The Office of Management and Budget may be rethinking its push to redefine what makes a city in the eyes of the federal government after acknowledging concerted pushback in and out of Congress.
During a hearing Wednesday before the House Budget Committee, acting OMB Director Shalanda D. Young said the agency has held off making a final decision on a proposed threshold change for what’s considered a “metropolitan statistical area.”
Young noted the change was proposed one day before President Donald Trump left office and acknowledged receiving extensive criticism on the proposal since then.
“This issue shows bipartisanship is alive,” she told lawmakers. “I’ve heard from congressmen on both sides of the aisle.”
A metropolitan statistical area designation is used in funding decisions for hundreds of federal programs. In January, OMB proposed doubling the threshold for MSAs from 50,000 to 100,000 people in the urban core, opening the door to future shifts in the definition. That would jeopardize billions of dollars in federal funding for 144 communities nationwide.
Rep. Ashley Hinson, R-Iowa, told Young the proposed change “threatens Dubuque’s access to critical resources,” including health care delivery.
“People are very concerned about this, not just in Dubuque but also in Ames,” she said.
A federal interagency Metropolitan and Micropolitan Statistical Area Standards Review Committee, which recommended OMB make the change, argued the country’s population has more than doubled since first establishing the standards in 1950, making it due for a change.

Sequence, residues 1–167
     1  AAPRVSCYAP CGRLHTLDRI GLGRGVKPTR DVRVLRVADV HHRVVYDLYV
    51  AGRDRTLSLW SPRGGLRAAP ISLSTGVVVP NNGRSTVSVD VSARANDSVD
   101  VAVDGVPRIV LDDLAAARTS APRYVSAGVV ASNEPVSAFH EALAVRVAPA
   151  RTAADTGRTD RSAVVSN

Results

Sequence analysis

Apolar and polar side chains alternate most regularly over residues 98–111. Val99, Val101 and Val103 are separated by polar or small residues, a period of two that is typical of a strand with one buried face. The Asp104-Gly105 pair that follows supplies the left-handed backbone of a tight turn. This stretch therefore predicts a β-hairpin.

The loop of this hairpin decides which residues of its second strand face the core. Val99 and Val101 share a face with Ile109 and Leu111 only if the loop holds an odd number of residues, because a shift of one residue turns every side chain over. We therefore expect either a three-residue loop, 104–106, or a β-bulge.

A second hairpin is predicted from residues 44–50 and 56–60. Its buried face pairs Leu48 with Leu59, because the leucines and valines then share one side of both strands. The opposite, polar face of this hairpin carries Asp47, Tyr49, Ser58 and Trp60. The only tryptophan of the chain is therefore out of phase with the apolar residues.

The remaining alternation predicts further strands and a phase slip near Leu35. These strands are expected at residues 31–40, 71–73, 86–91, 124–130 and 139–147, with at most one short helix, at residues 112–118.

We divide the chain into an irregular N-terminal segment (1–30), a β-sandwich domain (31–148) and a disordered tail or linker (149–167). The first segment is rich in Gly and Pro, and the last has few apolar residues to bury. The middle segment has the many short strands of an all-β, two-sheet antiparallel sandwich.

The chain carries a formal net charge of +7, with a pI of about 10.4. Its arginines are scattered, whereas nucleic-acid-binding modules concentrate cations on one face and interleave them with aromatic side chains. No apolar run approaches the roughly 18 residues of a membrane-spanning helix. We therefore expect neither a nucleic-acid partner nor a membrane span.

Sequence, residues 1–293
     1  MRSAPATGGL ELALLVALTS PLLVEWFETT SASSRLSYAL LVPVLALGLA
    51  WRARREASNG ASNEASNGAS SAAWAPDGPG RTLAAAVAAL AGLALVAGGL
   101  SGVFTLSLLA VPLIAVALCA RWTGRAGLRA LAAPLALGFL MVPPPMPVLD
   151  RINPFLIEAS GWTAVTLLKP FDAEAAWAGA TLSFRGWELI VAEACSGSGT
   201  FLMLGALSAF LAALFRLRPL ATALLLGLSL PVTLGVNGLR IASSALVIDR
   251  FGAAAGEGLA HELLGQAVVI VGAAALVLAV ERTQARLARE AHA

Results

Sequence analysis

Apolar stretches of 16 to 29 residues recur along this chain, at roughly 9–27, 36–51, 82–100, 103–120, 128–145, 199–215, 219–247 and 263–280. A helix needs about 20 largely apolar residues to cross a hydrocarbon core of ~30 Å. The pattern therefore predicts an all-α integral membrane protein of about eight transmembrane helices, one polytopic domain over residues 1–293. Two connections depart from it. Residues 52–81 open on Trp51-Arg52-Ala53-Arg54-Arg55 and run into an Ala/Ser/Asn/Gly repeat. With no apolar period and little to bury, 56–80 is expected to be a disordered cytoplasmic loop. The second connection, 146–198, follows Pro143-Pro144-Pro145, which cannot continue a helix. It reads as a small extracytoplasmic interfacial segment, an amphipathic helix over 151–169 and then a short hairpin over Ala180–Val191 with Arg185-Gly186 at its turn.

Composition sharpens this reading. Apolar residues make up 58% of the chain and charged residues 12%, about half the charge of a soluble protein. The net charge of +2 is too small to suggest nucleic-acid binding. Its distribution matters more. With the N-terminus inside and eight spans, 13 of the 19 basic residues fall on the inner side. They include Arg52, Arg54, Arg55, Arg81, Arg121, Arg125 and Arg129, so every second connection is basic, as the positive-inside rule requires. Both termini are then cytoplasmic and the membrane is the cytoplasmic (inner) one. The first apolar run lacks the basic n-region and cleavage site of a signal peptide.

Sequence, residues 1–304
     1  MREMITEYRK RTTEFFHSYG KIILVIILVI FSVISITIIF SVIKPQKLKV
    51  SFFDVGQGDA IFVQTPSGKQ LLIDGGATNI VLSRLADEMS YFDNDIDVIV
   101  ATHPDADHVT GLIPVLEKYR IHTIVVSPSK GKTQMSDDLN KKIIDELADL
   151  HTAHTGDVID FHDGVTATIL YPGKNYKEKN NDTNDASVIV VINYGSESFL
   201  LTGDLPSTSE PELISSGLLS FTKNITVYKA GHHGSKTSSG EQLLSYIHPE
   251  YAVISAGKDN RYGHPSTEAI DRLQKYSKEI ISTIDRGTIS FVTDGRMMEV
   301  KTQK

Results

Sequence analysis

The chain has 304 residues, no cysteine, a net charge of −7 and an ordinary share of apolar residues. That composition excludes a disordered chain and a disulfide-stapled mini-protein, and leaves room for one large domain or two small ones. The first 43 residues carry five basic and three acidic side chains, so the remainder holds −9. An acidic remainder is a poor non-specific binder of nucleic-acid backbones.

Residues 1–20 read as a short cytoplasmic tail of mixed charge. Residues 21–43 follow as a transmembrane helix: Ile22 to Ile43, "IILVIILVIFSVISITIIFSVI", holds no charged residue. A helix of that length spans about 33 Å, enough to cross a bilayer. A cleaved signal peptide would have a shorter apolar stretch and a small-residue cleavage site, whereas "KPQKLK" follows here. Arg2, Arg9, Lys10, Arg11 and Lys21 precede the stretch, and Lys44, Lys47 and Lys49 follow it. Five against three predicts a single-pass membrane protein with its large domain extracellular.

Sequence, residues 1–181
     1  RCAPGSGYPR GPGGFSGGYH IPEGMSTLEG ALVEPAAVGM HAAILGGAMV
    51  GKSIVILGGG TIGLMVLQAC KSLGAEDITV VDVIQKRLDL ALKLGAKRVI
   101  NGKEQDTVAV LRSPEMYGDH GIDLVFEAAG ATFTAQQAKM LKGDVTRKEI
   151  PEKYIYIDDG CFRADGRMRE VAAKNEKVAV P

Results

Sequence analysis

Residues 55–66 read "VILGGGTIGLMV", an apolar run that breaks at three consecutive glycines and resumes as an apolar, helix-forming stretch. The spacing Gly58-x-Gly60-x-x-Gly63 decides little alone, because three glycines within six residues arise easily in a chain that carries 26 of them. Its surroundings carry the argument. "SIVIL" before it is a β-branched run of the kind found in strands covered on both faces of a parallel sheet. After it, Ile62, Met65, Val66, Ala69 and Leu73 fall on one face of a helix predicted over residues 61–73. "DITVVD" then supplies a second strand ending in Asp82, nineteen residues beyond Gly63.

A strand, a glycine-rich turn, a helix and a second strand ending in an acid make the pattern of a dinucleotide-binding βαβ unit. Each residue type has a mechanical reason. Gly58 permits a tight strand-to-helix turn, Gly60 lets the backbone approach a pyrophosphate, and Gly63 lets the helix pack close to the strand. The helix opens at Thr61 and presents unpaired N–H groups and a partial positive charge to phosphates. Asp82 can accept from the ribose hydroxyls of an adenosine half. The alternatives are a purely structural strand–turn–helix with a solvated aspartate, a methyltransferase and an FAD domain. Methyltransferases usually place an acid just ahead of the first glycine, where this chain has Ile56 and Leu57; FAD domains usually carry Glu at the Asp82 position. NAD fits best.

But Rep. Randy Feenstra, R-Iowa, said the reclassification would be “devastating” to some communities.
“I hear you, and your colleagues have made it clear what a problem this would be,” Young told Feenstra.
The proposed doubling of the threshold would “potentially jeopardize much-needed federal resources from reaching communities that depend on them,” Portman said in a statement accompanying the bill.
The proposed rule change received more than 800 Federal Register comments. In addition to members of Congress, national groups and local leaders also pushed back, arguing the change would scramble funding decisions for federal programs that rely on the MSA designation. The Community Development Block Grant program, which totaled more than $3 billion last year, sets apart the majority of the funds for communities with MSA designations.
The National League of Cities and other organizations have argued OMB has not done enough research on the potential impact of the change, which could cause a ripple effect disrupting Department of Transportation grants, Medicare reimbursements, rent calculations and more.
David Lerman contributed to this report.